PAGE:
He stepped out onto his porch, the boards yellow pine. Railing ran from the house to his left and right, meeting with concrete steps down to the sidewalk. Empty cars filled the roadside, and a stoic row of houses stood across the street. Their windows felt like eyes to Tomas. Lifeless beasts, staring at everything and nothing. No one walked the sidewalks in front or moved behind the windows in those houses. Aside from the wind, the world was dead.
What is wrong with me? Tomas shook off his nerves and crouched. He held the box in both hands at opposing corners and looked it over. A sudden, strange hope washed over him. The box was just face down, it had to be. The addresses and stamps would be there, pressed against the porch. His heart sunk when he leaned the box forward and saw that the underside was barren.
"Damn it all," Tomas said to himself. Anger surged in him. He stood and pulled the box up. It was light, so light. There was no movement within, either. Was it . . .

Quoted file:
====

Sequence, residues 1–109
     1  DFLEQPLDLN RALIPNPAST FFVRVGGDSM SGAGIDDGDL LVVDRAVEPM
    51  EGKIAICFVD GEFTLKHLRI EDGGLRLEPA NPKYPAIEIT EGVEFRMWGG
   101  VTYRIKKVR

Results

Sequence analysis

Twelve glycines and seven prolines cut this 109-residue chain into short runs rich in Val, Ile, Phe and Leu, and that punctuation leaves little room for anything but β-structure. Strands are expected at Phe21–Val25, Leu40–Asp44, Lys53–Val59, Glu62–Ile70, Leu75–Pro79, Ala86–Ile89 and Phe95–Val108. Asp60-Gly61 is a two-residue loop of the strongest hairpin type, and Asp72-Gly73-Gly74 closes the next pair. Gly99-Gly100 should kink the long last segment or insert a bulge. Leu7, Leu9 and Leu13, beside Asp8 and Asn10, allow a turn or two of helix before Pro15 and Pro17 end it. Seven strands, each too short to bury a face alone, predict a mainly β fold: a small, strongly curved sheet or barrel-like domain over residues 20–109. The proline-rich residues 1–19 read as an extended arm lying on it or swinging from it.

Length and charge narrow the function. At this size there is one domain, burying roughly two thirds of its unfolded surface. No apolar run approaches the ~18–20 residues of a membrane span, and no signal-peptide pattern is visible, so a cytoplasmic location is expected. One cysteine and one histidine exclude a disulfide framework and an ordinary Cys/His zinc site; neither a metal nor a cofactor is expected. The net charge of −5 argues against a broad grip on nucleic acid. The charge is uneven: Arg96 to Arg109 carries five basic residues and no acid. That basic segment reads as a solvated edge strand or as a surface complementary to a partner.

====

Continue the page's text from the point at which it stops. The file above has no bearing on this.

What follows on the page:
Tomas gave a relieved chuckle as he shook the box. It was empty. What had he been afraid of, anyway? It was just a box.
He set it down and broke the tape with a fingernail. The rest split at his insistence, and the box folded open at the edges. Tomas flinched back, suddenly sure the clown was about to spring out. Nothing did. He peeked over the flaps. Just as he predicted.
Tomas thought he'd spoke the word, but that voice wasn't his, and it hadn't come from his mouth. He looked up, and his heart took a leap.
A girl stood on the sidewalk, just in front of his house. She wore a dress and white sneakers. Her right hand gripped a string, held taught by a black balloon trying to flee into the sky. It floated just above her curly blonde hair.
Tomas glanced down at the box, then back up. He coughed a laugh. "You startled me. Did you leave this here?"